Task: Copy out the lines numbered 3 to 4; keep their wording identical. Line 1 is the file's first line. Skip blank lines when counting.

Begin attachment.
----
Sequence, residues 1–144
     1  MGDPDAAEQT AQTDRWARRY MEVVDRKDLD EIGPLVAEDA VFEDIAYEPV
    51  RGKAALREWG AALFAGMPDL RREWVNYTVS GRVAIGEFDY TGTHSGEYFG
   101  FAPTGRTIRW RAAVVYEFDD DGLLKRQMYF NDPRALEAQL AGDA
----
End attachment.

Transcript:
    51  RGKAALREWG AALFAGMPDL RREWVNYTVS GRVAIGEFDY TGTHSGEYFG
   101  FAPTGRTIRW RAAVVYEFDD DGLLKRQMYF NDPRALEAQL AGDA